Malnutrition, ill-health, gross deprivation, broken families, fear of an oppressive and dictatorial government and its minions, and much else, is the lot of the majority of Zimbabweans today. Hence, there is a near unanimous belief that the first and foremost need to bring about the long and anxiously awaited change is that either the present government must be replaced by another, being one that is driven and motivated by a real and benevolent concern for the lot of the populace or, as a less-favoured but nevertheless reluctantly acceptable alternative, by a government of national unity encompassing the diverse political groupings of Zimbabwe, and driven wholly to bring about positive transformation in the best  interests of  the population.
Notwithstanding these hopes and desperate desires and expectations, there is a widespread recognition that Zimbabwe’s economy has been subjected to such gross demolition and destruction that it cannot recover without substantial international support. Most believe that the economy is beyond redemption if that redemption is to be wholly pursued by Zimbabwe without very substantial assistance and support from the world at large. Thus, most believe that the foremost and fundamental essential of a Zimbabwean economic recovery is a flood of international financial aid and support.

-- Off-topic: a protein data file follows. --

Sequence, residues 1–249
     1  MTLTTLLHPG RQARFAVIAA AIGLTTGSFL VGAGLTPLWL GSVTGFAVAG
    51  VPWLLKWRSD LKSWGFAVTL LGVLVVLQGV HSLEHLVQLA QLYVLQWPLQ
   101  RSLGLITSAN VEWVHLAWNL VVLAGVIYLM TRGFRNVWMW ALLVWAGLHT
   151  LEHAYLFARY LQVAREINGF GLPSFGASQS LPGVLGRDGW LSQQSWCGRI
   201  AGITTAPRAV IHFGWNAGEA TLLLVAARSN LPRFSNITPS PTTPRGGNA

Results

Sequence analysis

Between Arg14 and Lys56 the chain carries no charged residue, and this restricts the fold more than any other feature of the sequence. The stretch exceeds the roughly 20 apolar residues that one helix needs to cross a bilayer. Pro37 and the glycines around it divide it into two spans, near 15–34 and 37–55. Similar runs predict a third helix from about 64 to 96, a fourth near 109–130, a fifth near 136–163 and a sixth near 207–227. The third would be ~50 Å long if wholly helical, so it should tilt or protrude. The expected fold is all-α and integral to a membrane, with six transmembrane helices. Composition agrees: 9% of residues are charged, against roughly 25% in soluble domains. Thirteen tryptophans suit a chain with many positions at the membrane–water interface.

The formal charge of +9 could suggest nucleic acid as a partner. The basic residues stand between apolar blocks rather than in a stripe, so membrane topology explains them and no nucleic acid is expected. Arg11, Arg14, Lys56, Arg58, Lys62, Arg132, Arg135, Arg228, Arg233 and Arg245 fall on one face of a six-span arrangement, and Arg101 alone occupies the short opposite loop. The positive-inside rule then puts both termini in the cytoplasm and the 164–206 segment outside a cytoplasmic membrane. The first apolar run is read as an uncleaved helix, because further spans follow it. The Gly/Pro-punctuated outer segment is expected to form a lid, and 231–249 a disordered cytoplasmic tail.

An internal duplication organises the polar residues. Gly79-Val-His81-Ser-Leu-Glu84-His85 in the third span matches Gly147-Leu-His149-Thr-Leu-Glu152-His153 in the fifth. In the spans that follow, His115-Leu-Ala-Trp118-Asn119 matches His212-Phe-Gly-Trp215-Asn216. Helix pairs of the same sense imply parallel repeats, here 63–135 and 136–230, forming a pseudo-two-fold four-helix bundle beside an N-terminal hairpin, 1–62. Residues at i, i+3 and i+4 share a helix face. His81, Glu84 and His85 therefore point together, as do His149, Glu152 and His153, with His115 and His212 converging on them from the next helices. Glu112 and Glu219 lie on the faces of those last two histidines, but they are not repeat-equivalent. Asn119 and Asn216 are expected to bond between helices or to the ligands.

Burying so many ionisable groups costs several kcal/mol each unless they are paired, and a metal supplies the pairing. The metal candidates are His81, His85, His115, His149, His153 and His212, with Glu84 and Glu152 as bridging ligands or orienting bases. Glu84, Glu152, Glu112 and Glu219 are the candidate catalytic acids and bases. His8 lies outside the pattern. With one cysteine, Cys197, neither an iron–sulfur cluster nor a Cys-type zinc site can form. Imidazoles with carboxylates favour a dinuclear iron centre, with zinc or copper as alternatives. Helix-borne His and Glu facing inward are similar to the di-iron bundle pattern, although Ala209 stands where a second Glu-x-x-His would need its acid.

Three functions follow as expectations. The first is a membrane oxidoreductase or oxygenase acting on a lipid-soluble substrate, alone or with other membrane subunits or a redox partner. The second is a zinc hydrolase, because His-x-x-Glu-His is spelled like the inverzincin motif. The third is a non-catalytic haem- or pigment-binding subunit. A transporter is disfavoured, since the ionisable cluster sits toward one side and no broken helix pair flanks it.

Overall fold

In contradistinction, a minority view is that not only should Zimbabwe “go it alone”, but also that it is readily able to do so. Moreover, many of  that minority contend that recourse to international aid and support would,  to all intents and purposes, result in a subjugation of Zimbabwe to a level tantamount to recolonisation  of the country.